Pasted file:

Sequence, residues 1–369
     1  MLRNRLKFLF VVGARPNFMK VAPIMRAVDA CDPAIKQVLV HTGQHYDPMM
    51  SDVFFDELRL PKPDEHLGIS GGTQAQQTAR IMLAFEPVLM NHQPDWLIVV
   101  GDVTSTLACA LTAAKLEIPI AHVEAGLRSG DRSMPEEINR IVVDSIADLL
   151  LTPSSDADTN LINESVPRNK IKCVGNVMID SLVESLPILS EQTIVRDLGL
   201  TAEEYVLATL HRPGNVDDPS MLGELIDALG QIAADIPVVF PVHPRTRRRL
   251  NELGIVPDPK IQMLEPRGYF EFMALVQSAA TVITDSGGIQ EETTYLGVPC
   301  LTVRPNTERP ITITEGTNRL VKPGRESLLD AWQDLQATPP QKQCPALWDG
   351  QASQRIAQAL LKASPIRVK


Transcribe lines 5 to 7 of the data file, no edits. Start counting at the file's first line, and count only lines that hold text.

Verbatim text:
   151  LTPSSDADTN LINESVPRNK IKCVGNVMID SLVESLPILS EQTIVRDLGL
   201  TAEEYVLATL HRPGNVDDPS MLGELIDALG QIAADIPVVF PVHPRTRRRL
   251  NELGIVPDPK IQMLEPRGYF EFMALVQSAA TVITDSGGIQ EETTYLGVPC